The debate in Westminster, Mass., over a plan to ban tobacco sales is an early volley in the next phase of the ongoing tobacco wars, says a Harvard expert, as tobacco opponents continue in their push to save lives.
The Westminster Board of Health voted not to implement a ban on tobacco sales after a public hearing on the sales ban in mid-November instead became a forum on liberty and government regulation, according to media reports. The raucous atmosphere in the hearing room caused board members to adjourn early and accept a police escort from the building. This week, they backed down from the planned ban, defeating it on a 2-1 vote.
But feelings are at least as intense when it comes to protecting against the proven ill effects associated with smoking and other tobacco use, said Vaughan Rees, interim director of the Harvard T.H. Chan School of Public Health’s Center for Global Tobacco Control.
The Gazette talked with Rees about the future of tobacco-control efforts in light of the Westminster clash, as well as the dramatic rise of smoking in developing countries where regulations are few.
GAZETTE: The Westminster Board of Health voted Nov. 19 against a ban on sales of tobacco products. What does that mean in Westminster and for broader tobacco control efforts?
REES: Tobacco control efforts will go on. There are a number of policy strategies, in place, that are very successful and other strategies which are being considered and which will be rolled out in the future. For example, banning sales of tobacco products in pharmacies, extending or increasing the age access laws from 18 to 21 at the local community level. So these are a couple of further initiatives we’re seeing around tobacco sales and marketing likely to be implemented across communities in Massachusetts and nationally.
GAZETTE: Does this mean that the strategy of an outright ban is not the way to go?
REES: The strategy still holds enormous promise, in terms of changing exposure to tobacco marketing among children. It’s likely to have an impact in reducing interest in tobacco use and uptake of tobacco use among young people.
But it seems that it’s only going to be promising if the community supports it as a strategy. In Westminster, it seems that it came a little prematurely, or that town officials didn’t adequately explain the policy’s rationale to members of that community.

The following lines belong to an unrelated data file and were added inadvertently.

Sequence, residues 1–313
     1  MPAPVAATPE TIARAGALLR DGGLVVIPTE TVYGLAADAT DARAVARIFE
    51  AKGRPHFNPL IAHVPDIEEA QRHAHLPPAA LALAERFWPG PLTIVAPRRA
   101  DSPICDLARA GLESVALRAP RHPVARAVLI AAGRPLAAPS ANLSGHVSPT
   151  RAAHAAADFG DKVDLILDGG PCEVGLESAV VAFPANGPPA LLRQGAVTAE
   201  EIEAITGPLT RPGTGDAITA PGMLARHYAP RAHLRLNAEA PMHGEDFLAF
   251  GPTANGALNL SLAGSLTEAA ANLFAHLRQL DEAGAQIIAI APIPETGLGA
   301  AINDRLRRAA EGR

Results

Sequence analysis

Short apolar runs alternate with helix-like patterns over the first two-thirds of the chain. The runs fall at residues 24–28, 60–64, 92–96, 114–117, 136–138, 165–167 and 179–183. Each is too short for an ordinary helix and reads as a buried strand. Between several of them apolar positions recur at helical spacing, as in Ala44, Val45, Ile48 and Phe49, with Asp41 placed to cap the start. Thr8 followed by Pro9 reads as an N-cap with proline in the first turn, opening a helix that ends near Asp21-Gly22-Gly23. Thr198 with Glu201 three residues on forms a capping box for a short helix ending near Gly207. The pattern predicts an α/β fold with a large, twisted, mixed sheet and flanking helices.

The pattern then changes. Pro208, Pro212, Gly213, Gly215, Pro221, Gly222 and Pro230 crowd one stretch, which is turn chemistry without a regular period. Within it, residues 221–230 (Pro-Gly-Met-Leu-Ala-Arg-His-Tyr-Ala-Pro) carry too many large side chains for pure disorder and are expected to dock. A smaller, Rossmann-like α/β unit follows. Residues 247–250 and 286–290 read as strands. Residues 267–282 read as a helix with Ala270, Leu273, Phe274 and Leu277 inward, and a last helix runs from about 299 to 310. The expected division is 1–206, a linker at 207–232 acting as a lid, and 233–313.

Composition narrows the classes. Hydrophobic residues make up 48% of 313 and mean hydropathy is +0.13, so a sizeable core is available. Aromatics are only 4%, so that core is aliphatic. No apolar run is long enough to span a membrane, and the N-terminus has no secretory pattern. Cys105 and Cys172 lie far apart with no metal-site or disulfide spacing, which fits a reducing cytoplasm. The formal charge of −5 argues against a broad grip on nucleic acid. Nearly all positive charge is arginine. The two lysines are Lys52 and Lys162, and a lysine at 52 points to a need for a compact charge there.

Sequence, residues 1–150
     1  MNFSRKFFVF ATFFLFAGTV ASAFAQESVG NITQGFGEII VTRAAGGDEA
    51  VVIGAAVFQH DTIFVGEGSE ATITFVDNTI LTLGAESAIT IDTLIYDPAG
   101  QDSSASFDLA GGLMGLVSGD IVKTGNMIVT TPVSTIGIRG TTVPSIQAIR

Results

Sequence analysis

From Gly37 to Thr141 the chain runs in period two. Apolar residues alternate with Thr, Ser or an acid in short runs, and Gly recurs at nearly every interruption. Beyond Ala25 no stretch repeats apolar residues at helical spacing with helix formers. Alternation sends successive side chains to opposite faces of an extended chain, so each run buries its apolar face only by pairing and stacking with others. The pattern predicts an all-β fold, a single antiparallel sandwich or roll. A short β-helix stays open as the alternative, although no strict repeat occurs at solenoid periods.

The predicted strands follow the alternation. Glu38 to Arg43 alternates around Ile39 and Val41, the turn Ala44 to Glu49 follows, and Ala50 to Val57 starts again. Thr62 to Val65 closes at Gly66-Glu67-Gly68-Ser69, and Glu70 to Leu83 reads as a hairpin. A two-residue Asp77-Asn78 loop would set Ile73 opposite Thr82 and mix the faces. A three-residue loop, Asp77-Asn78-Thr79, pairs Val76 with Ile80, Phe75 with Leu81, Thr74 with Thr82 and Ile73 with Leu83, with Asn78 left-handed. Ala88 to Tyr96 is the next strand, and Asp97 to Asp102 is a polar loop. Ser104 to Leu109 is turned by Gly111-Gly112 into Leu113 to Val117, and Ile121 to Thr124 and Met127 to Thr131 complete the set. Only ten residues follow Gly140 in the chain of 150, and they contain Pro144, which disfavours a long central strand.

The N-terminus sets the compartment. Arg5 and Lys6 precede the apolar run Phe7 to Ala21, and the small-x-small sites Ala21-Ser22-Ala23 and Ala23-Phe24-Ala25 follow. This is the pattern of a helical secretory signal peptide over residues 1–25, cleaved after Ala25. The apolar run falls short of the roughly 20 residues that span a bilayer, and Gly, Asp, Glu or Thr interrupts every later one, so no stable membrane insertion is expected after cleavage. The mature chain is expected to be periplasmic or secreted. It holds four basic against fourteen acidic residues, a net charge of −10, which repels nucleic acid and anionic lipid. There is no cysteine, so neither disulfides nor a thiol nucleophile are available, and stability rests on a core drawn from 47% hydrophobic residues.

GAZETTE: Do you see this strategy as a misstep by the Westminster Board of Health, because it generated such opposition, or is this what the tobacco war looks like these days?
REES: I think this is what the tobacco war is going to look like going forward. The tobacco-control community is now talking about the endgame, the tobacco endgame, which requires thinking about how we are going to eliminate tobacco from our communities. These are very early steps, and it seems that some of the general public are not quite prepared for this, but we’ll be seeing more and more of these kinds of debates.
GAZETTE: Is that the goal, to completely eliminate tobacco?
REES: Tobacco still causes premature death in almost a half a million Americans a year. This is a public health epidemic of massive proportions. If we’re serious about eliminating that epidemic, we have to be serious about our position on how tobacco is sold. And selling tobacco in communities is not consistent with the goals of public health to reduce the burden of disease and premature death among our communities.
GAZETTE: It seemed that this event came to be framed not as good health vs. tobacco but rather health vs. liberty. How does the tobacco-control community deal with that?
REES: I think that’s unfortunate in this case. Certainly the debate was construed as one of individual liberties as opposed to a question of public health. I think clearly we need to pursue this as a question of public health.